The only time I would consider using the term "doctor" is upon completion of my PhD...this really denotes a specialized level of education that goes above and beyond the norms of the profession.
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Re: Should DPTs be called Doctor?

Postby drjohnjack » Fri Jul 09, 2010 12:50 pm

Those PTs that have already achieve their goal could not be called as doctors. They are still a PT, and they are not doctors.
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Re: Should DPTs be called Doctor?

Postby JeffHathaway » Mon Jul 12, 2010 10:05 am

there is talk of grandfathering PT's to make all the older experienced PT's Doctors - what do you think about that? BTW that is exactly what podiatrists did when they starting using the term Doctor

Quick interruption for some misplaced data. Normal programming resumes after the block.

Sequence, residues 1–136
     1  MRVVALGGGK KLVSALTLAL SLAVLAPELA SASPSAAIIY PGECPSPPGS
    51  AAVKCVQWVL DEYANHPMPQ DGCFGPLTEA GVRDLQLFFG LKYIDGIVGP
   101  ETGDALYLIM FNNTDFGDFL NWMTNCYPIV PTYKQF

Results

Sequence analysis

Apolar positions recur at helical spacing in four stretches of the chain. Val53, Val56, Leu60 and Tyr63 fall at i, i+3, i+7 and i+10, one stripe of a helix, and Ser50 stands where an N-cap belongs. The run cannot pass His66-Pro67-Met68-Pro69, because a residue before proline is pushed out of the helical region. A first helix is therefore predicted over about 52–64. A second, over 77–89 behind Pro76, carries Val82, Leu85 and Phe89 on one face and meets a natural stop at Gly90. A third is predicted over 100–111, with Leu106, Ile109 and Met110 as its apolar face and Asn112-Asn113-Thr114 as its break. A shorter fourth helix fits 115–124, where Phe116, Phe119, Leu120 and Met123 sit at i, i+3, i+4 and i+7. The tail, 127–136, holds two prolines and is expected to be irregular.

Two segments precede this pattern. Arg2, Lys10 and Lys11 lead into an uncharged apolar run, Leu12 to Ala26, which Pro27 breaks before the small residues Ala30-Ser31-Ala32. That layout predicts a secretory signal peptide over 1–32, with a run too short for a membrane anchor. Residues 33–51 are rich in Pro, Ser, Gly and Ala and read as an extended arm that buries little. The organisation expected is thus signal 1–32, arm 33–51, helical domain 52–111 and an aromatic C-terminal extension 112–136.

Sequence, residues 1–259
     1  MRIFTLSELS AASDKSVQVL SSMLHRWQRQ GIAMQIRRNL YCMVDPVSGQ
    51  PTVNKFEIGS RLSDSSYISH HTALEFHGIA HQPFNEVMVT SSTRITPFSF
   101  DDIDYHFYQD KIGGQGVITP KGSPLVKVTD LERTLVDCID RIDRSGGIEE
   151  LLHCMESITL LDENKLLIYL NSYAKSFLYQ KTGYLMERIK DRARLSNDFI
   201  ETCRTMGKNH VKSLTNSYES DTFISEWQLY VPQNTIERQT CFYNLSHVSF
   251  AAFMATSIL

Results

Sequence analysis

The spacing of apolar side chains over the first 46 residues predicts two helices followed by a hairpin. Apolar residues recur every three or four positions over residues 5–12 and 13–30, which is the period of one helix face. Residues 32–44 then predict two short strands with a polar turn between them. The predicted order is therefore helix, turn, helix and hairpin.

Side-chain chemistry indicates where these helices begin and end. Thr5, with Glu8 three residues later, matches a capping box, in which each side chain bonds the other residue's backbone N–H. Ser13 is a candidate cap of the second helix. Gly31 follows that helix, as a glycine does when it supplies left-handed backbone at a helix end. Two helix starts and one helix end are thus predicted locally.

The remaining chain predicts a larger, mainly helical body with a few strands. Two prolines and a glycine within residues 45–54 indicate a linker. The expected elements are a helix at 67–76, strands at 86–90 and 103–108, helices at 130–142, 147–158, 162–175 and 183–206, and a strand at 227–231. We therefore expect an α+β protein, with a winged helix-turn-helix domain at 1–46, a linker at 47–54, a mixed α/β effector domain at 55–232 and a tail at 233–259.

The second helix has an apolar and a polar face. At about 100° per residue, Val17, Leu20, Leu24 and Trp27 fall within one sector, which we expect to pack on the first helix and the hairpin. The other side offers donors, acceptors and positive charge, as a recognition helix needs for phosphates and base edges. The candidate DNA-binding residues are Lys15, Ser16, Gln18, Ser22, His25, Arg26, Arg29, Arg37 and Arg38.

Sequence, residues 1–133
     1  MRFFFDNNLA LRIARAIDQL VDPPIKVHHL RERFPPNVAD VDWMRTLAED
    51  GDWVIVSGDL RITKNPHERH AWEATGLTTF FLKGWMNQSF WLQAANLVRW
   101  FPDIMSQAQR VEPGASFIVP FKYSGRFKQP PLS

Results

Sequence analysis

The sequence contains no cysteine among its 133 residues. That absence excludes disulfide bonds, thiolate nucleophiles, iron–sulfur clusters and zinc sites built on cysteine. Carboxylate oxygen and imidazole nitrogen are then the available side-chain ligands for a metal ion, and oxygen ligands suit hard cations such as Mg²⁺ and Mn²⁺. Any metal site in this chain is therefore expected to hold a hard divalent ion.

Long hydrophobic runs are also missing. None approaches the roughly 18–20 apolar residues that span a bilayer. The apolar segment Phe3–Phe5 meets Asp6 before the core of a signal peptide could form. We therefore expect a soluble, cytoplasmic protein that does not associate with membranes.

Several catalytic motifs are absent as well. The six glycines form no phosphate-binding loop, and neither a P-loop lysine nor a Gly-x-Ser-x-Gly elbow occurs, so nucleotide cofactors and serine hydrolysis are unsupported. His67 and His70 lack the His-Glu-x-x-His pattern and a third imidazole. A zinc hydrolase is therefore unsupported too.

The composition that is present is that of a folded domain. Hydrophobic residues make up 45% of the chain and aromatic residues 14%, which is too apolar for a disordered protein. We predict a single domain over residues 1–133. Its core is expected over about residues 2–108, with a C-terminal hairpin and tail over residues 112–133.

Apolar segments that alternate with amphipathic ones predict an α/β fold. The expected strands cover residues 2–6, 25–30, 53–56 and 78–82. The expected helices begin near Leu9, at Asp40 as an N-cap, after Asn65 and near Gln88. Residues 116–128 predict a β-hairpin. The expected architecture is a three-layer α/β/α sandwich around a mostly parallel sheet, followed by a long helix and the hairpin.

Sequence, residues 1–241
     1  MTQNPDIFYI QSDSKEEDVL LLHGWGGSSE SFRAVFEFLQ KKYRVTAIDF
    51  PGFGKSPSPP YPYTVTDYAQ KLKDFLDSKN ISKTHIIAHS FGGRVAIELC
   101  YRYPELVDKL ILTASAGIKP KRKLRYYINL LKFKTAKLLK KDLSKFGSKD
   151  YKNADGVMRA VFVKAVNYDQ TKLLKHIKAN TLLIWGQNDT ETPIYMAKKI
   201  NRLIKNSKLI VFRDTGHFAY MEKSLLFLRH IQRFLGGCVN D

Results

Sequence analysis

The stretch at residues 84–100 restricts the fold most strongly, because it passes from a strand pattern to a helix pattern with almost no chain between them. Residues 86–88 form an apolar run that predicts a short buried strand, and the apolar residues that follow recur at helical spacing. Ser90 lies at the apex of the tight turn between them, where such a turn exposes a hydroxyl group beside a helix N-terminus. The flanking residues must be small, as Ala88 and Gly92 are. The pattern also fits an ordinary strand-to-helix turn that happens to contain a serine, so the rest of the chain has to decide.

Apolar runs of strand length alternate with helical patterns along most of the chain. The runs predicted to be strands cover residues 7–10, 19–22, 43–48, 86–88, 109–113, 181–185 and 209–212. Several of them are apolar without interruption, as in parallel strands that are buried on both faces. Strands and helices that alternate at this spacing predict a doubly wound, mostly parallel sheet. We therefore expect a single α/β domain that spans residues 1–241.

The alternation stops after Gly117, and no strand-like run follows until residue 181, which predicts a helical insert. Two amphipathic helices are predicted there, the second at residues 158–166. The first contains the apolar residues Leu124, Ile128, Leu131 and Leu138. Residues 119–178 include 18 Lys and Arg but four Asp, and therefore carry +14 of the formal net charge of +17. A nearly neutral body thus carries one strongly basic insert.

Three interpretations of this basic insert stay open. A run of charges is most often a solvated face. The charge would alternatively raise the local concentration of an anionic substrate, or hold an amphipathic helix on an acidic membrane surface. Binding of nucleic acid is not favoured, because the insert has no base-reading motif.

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Re: Should DPTs be called Doctor?

Postby advancedpt » Fri Apr 06, 2012 11:06 pm

I truly think it just comes down to ego or the person....good or bad..
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Re: Should DPTs be called Doctor?

Postby katadromeas » Sat Apr 07, 2012 9:04 pm

I think this is common sense, if the degree you obtain is from an accredited program/university and it is called doctor of physical therapy, then you can call yourself doctor of physical therapy. You should not call your self just doctor though, same for a doctor of chiropractic, doctor of nursing and many more to follow ( I expect in the future doctor of massage therapy, doctor of athletic training etc). Most states require by law that when you market yourself as doctor, after your name you have to specify that you are a physical therapist, for example, Dr John Smith, PT, DPT. So according to state law (at least in CA), as a PT you cannot present yourself simply a doctor unless you have an MD/DO degree or a PhD.